Days ago, I asked on Math.StackExchange the question: Describe, as a direct sum of cyclic groups, the cokernel of the map: , where after some hints and understand modules over PID (see handouts), I finally got an answer. However, the answer suggests me to use Smith Normal Form (SNF), so I decided to understand: What does SNF truly represent?, so let’s start with a basic definition.

Definition: Let be a ring. Every left -module is a quotient of a free left -module such that is finitely generated if and only if can be chosen to be finitely generated.

We need to remember that the rank of any free -module is uniquely determined, later this will be important in our deductions, now let’s see what a group presentation is.

Group presentation

Definition: Let be a set and a subset of the free group such that is generated by . Indeed, a group presentation defines the quotient group of the free group by the normal subgroup generated by

Now, let’s suppose we would like to get the best presentation of a given module , this is possible thanks to the SNF, which gives the answer for a finitely generated -modules, to see this, let’s see how SNF builds this approach.

Let be a -map of commutative ring , where and are free -modules. Let be the basis of and , respectively. We build a matrix , called the presentation matrix, over such that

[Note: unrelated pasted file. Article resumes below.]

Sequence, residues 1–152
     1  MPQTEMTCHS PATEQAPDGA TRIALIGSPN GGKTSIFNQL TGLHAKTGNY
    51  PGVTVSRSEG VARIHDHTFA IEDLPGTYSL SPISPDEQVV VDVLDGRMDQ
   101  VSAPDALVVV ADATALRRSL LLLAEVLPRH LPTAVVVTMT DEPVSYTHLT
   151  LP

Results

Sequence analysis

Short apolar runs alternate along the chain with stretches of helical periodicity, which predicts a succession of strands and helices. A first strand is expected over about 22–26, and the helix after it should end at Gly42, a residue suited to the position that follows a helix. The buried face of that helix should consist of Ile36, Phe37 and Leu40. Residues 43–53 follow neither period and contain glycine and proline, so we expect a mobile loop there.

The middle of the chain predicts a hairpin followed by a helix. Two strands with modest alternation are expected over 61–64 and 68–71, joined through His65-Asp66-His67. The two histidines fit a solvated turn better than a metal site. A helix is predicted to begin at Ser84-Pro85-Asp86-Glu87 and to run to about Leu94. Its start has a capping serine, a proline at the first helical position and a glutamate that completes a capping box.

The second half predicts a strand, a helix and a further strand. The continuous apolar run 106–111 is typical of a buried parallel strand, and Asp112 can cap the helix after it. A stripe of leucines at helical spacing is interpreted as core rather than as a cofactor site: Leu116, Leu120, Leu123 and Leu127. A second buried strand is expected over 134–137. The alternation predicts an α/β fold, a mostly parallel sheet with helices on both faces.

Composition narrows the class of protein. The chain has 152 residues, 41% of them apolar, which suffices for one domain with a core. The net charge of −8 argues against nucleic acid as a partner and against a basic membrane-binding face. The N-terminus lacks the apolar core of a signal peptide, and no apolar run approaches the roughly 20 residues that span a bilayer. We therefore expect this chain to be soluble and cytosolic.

where .

Lemma: Let an exact sequence of -modules

where is a -dimensional vector space over a field , then its matrix presentation is with respect to , where is the standard basis.

Proof: For we write in terms of , then

where is the Kronecker delta. Indeed, the presentation matrix . Now, let’s recall what SNF says us.

Smith Normal Form

Every nonzero matrix with entries in a Euclidean ring , which is equivalent to a matrix of the form

where and are nonzero, such matrix is called the SNF of .

Now that we have how the presentation matrix is involved with the bases, we can do the conntection between them.

Definition: Let be a euclidean ring and let be the presentation matrix associated to an -map , relative to some choice of bases, and let .

Theorem: If is -equivalent to a SNF , then those that are not units are the invariant factors of .

Proof: Suppose that is in fact the SNF of , then the bases of of and of with and for all , if any. We see that and if is a unit. If is the first that is not a unit, then

a direct sum of cyclic modules for which . Indeed are the invariant factors of .

The proof of the theorem clears why is necessary to get the SNF for answering to the question that I posted on Math.StackExchange

PS: Most of the ideas posted here were obtained of the book Advanced Modern Algebra Third Edition, Part 1 by Joseph J. Rotman, especially the proof of the theorem.